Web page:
Unfiltered Story #93134

, , , | Unfiltered | September 8, 2017

My friend shares his name with a well known celebrity. He is a volunteer at Canterbury Cathedral and his ID badge clearly states his full name. A tourist is chatting to him and notices his name.

Tourist: Wow, how many people ask you questions about your name? [realises, then smiles] Ooops, I guess I’ve just added one to that number! Sorry!

Drop Bad Management Or Drop Calls

, , , , | Working | September 7, 2017

I work in a call centre that runs two main services, and our clients pay us to take calls from their customers on their behalf. Service A is very generic, used by most of our clients, and everyone is trained on it by default. Service B is more specialised, and each client has it tailored to their individual business needs, so any agents dealing with service B need in-depth training for the individual client before taking calls for them.

Usually all but two colleagues leave at 6 pm, then the last people leave at 8 pm when the call centre closes. On this Monday afternoon, however, and for the whole week, everyone else was scheduled to leave by 5:30, leaving one colleague dealing with two busy channels, by herself, for two and a half hours. Around mid-afternoon, she started feeling a bit unwell, took some over-the-counter drugs, and hoped for the best. Towards five, she was feeling very unwell, and asked if anyone else would be willing to cover her shift, but as they would be effectively doing 11.5 to 12 hours in a day, no one was willing. She let a manager know, but they, too, were unable to find anyone who could cover the evening shift, and she was told she would just have to deal with it.

By 6:15, she was shaking and holding her head in pain. She put a customer on hold and started crying as she stared at the screen, trembling like crazy, so we decided to call a team leader over, as we weren’t sure if she was able to do so herself. We couldn’t hear much of what she said to the team leader, as we were a bit far away and she was struggling to get words out, but we gathered that her head felt like it was on fire, and she could no longer read what was on the screen. The TL started to panic, as our colleague clearly wasn’t able to continue, all the other service B lines had closed before 6 pm, and there wasn’t anyone else in the call centre who was trained for it. Since this line was for our biggest client, we could not just close it. In the end, the TL found someone who had about half a day’s training on service B for this client, instead of the usual two-week training required, (and no training whatsoever for the other clients our colleague was covering). They were asked to do as much as they could, and arrange callbacks for the rest of the team the next day. Our ill coworker went home and did not return until Wednesday.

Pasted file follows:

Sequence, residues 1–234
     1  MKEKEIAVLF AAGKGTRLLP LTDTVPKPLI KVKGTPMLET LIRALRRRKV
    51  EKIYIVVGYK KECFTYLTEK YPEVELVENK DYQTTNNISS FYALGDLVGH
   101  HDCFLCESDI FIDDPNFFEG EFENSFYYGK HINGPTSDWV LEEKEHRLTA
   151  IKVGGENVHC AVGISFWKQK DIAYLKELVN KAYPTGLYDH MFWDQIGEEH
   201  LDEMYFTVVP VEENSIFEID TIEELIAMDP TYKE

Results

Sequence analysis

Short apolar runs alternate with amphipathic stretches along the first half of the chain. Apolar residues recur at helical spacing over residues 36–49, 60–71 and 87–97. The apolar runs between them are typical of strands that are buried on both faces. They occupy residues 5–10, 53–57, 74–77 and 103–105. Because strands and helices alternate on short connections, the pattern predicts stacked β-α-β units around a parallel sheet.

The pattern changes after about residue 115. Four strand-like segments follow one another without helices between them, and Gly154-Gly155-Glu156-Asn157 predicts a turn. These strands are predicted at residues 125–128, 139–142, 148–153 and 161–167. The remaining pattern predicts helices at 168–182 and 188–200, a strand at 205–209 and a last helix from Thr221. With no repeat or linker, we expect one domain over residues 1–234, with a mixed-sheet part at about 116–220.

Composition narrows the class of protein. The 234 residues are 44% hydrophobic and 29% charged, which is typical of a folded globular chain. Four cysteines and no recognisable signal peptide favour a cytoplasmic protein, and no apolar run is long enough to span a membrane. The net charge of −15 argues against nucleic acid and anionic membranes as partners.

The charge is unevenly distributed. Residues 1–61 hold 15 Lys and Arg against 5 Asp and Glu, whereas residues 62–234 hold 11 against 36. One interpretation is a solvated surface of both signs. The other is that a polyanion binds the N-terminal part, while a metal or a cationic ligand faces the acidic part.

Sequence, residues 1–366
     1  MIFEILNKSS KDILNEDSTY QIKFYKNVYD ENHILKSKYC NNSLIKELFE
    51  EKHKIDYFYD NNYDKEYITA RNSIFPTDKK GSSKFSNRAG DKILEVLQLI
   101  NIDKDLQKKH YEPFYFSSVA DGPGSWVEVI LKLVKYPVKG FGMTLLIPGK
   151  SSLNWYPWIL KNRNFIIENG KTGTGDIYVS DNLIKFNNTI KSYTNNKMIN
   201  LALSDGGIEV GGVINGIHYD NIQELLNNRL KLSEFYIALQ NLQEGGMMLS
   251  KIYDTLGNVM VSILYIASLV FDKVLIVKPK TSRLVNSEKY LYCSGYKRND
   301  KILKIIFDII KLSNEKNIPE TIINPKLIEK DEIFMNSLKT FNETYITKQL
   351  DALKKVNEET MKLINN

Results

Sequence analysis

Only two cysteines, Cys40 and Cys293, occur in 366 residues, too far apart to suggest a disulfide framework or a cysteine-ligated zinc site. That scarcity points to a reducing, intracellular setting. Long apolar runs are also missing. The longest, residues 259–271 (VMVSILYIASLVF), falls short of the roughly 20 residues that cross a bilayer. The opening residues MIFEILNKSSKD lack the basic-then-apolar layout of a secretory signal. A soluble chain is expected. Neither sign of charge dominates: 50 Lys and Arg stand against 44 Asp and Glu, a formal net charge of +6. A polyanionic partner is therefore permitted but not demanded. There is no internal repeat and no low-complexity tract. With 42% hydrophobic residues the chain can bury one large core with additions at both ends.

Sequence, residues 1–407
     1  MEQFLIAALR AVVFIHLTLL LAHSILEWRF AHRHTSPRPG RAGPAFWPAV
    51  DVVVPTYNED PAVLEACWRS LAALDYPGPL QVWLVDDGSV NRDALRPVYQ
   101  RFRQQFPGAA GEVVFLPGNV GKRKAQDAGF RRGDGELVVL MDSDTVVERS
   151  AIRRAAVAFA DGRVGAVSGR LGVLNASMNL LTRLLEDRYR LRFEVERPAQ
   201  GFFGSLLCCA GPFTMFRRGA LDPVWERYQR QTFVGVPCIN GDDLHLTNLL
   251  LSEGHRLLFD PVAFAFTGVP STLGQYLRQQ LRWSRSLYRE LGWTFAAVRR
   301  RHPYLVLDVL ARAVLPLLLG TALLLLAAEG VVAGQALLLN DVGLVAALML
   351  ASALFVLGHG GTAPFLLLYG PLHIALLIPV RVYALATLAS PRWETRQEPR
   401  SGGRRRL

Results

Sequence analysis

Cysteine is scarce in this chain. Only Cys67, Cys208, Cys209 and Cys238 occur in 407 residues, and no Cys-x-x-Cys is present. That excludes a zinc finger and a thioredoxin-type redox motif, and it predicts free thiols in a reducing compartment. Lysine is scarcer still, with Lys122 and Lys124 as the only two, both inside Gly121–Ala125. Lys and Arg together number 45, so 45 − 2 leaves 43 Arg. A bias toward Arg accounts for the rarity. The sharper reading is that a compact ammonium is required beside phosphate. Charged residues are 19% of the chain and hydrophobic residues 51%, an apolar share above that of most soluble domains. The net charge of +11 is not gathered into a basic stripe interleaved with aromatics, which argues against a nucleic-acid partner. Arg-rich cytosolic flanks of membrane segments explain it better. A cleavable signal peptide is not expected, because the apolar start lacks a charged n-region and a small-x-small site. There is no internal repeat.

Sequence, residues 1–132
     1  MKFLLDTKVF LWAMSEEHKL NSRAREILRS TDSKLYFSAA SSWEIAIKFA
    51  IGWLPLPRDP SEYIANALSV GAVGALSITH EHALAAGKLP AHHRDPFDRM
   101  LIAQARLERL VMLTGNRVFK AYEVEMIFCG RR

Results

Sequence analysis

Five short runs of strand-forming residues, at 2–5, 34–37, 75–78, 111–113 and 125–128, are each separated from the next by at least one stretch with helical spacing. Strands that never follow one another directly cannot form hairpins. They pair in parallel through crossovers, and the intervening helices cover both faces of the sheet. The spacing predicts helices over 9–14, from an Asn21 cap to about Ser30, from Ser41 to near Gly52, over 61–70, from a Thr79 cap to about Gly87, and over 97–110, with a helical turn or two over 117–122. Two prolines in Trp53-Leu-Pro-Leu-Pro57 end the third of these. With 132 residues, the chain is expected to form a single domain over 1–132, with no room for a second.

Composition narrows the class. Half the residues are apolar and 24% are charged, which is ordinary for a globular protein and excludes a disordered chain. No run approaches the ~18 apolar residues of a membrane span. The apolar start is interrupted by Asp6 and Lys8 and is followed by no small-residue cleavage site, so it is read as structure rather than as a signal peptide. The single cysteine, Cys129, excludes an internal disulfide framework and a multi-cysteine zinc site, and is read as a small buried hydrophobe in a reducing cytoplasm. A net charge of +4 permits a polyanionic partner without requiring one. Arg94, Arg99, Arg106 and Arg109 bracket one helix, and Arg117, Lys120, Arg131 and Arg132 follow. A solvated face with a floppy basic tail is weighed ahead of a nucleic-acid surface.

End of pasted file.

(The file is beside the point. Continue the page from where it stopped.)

Despite this situation, and the importance of this client, when the new rota was released later that week, management refused to go back to the old system of having two people present until 7, and kept arranging for everyone, save one, to leave by 5:30, or 6 pm about twice a week. They also refused to “waste resources” training up late-night back-ups because of the greater call volumes for service A. This pattern continued for another six weeks, with one more person getting ill on the day they were due to do a late shift, and another person quitting because of it. After six weeks, the big client decided to terminate the service B contract with us, due to the number of complaints they had regarding excessive wait times and being an inability to get through to anyone after 6 pm. Most of the team lost their jobs, but the manager responsible for setting rotas and monitoring incoming call wait times and dropped calls did not.

Don’t Let The Doors Hit You On Your Way Out

, , , , | Right | September 7, 2017

(A customer comes to the counter.)